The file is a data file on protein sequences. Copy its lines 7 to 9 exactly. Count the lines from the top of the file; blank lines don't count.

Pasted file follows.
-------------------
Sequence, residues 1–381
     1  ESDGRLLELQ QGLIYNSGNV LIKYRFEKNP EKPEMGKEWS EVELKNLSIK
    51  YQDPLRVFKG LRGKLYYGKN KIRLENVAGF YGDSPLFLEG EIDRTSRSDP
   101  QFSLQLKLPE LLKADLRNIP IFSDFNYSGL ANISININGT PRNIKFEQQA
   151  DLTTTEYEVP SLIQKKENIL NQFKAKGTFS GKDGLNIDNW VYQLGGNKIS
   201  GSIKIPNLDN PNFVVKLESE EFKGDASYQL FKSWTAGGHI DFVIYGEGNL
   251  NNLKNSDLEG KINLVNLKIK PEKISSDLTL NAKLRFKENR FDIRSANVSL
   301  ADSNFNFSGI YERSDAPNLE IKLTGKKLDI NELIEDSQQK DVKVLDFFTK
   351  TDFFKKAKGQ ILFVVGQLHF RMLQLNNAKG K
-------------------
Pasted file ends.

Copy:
   251  NNLKNSDLEG KINLVNLKIK PEKISSDLTL NAKLRFKENR FDIRSANVSL
   301  ADSNFNFSGI YERSDAPNLE IKLTGKKLDI NELIEDSQQK DVKVLDFFTK
   351  TDFFKKAKGQ ILFVVGQLHF RMLQLNNAKG K